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AC City Council, Atlantic City, Beyond Atlantic City, Political

Atlantic City: Housing, Healthcare, and Free Drug Needles For All!

   Casino profits may have decreased, but one area of Atlantic City commerce is booming.  NBC40 reports:

TRENTON — The New Jersey needle exchange program is struggling to attract clients statewide, except for one local location.

About 175 people have enrolled in the Atlantic City program at the Oasis Drop Center since November.

My vehement opposition has been voiced both when I guest hosted a local talk show and in my February column in the Casino Connection.  Eliminating the needle exchange program is a top political priority in improving the quality of life in Atlantic City.

   Atlantic City City Council has allowed a needle exchange system within the city limits for less than a year.  Atlantic City has enabled a system using a state grant to give multiple clean needles for every dirty (read – used) needle that a drug user trades-in.  The needle exchange system makes it easier for intravenous drug users to financially support their habits.  It makes sick sense – twisted logic, as it were – for a state that already pays for housing, food, and basic health care to now provide needles for citizens to shoot drugs.

   The needle exchange gives new meaning to President Herbert Hoover’s old political promise of a “chicken in every pot and a car in every garage.”

   Let us look at the drug needle issue from another angle.  It has been said – whether it is true or not is another story – “it takes a village to raise a child.”  I will not want my grown children to shoot intravenous drugs.  As much as I do not want this, it ultimately is my child’s personal decision.  Assuming my child develops a desire for intravenous drugs, I will certainly not pay for his drugs or drug paraphernalia.  How is it that state and city governments force me to pay to provide any one showing up to the Oasis Drop Center with free needles for a personal habit that I do not endorse? Second, why should any NJ resident have to pay for anyone who chooses to use drugs?

   This brings us back to “it takes a village to raise a child.”  What if the neighbor on the corner were giving my child a needle to shoot drugs?  I would take action to stop him from enabling my child’s illegal activity.  The representatives of the Atlantic City community have decided that they will encourage intravenous drug use in the City.  The City has collaborated with the state to force the entire state to pay for drug users’ needles.  The City has also decided that they want to market Atlantic City both as an all-purpose destination and a distribution center for drug users from any place to receive multiple unused needles in exchange for used needles.

   The law says it is  illegal to possess a hypodermic needle in NJ.  Atlantic City’s free needle distribution in collaboration with state government say it is legal.  These governmental bodies speak out of both sides of their mouths.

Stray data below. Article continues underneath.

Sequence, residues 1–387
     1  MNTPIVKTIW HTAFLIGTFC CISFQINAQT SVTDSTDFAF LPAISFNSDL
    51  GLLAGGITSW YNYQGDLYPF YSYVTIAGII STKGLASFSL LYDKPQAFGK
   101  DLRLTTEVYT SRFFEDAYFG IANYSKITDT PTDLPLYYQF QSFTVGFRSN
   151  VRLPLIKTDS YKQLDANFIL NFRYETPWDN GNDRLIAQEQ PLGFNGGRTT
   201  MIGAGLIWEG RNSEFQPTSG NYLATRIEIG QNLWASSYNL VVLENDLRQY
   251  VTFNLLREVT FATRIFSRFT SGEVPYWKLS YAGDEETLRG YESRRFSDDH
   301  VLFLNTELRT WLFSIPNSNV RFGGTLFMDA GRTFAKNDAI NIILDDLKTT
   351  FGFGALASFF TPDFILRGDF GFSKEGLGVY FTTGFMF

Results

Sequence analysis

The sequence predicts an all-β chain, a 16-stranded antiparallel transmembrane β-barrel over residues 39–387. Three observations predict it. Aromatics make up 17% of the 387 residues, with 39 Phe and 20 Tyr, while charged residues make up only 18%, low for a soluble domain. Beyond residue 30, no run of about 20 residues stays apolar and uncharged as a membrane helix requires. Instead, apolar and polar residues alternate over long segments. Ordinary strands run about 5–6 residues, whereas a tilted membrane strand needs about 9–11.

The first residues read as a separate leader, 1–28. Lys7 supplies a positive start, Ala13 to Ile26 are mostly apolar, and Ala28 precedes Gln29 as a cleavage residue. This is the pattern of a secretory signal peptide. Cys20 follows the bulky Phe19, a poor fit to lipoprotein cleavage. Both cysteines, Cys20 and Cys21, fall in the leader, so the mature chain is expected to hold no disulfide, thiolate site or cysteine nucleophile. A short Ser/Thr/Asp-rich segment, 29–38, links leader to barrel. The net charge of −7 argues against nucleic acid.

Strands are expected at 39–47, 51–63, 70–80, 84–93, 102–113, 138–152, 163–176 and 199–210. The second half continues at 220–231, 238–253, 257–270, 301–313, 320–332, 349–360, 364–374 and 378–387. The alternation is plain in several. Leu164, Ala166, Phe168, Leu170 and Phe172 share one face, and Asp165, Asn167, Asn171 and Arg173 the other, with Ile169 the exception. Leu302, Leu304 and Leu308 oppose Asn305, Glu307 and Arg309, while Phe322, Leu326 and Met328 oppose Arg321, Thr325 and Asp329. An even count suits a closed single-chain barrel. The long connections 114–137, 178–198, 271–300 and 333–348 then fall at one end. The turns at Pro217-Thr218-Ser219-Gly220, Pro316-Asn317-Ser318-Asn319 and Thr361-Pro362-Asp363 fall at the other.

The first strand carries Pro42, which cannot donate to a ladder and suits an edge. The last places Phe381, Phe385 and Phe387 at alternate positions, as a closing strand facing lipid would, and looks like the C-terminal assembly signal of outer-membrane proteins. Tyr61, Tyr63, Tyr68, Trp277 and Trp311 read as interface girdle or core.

Parents, whether you like it or not, if your child decides to use intravenous drugs, you will be paying for their drug habit.  So much for parental authority.  So much for community standards.  So much for law. 

   From Atlantic City – alluding to the Margaret Wise Brown classic –  goodnight family structure, goodnight community decency, and goodnight rule of law.   


About Jesse O. Kurtz

I am committed to fulfilling the promise of Atlantic City. The town would benefit from greater political participation by average citizens. Hopefully, some of the posts herein will encourage you to get more involved in your community. This blog will also feature other topics and subjects beyond Atlantic City. I hope that you will come to love Atlantic City as much, or more than I do.


18 thoughts on “Atlantic City: Housing, Healthcare, and Free Drug Needles For All!

  1. Nice article. I completely agree with you. Why is that when this state is in a “financial crisis” we are buying needles for drug addicts?

    Posted by Cecilia | February 27, 2008, 4:44 pm
  2. I don’t want my tax dollars used on something that could harm someone either, but the addict is going to use the needle anyhow.
    You make the point that NJ does not allow needles to be sold without an Rx. Good point, but that is also part of the reason why this program is needed because all other states allow addicts to buy clean needles at walmart.
    The bottom line is that the program prevents the sharing of needles, thus decreasing the spread of AIDS.
    You may think that you won’t get AIDS because you don’t engage in risky behavior, but people who have HIV and AIDS, because of the condition, come down with many other communicable diseases that you or your family or any of us in the community could catch.
    Like TB for one. More AIDS & HIV patients with low immune systems means that they are more vulnerable to becoming infected with TB.
    Once that happens, the TB, or any other disease that a low immune person incubates, will be spread in the usual way.
    More diseases like this are also a drain on the health care system, so preventing the spread of these illnesses, along with AIDS & HIV in the first place makes sense.
    I don’t see how anyone could argue against this.
    Its a health problem, not just for the junkies, for ALL of us and our families.

    Posted by required | February 27, 2008, 6:05 pm
  3. I very rarely agree with the opinion and position of the Mr Kurtz, but on this he’s right on. I’ve dealt with IV users most of my life both on a professional level and in my own family. By giving needles your adding to the problem and giving them permission.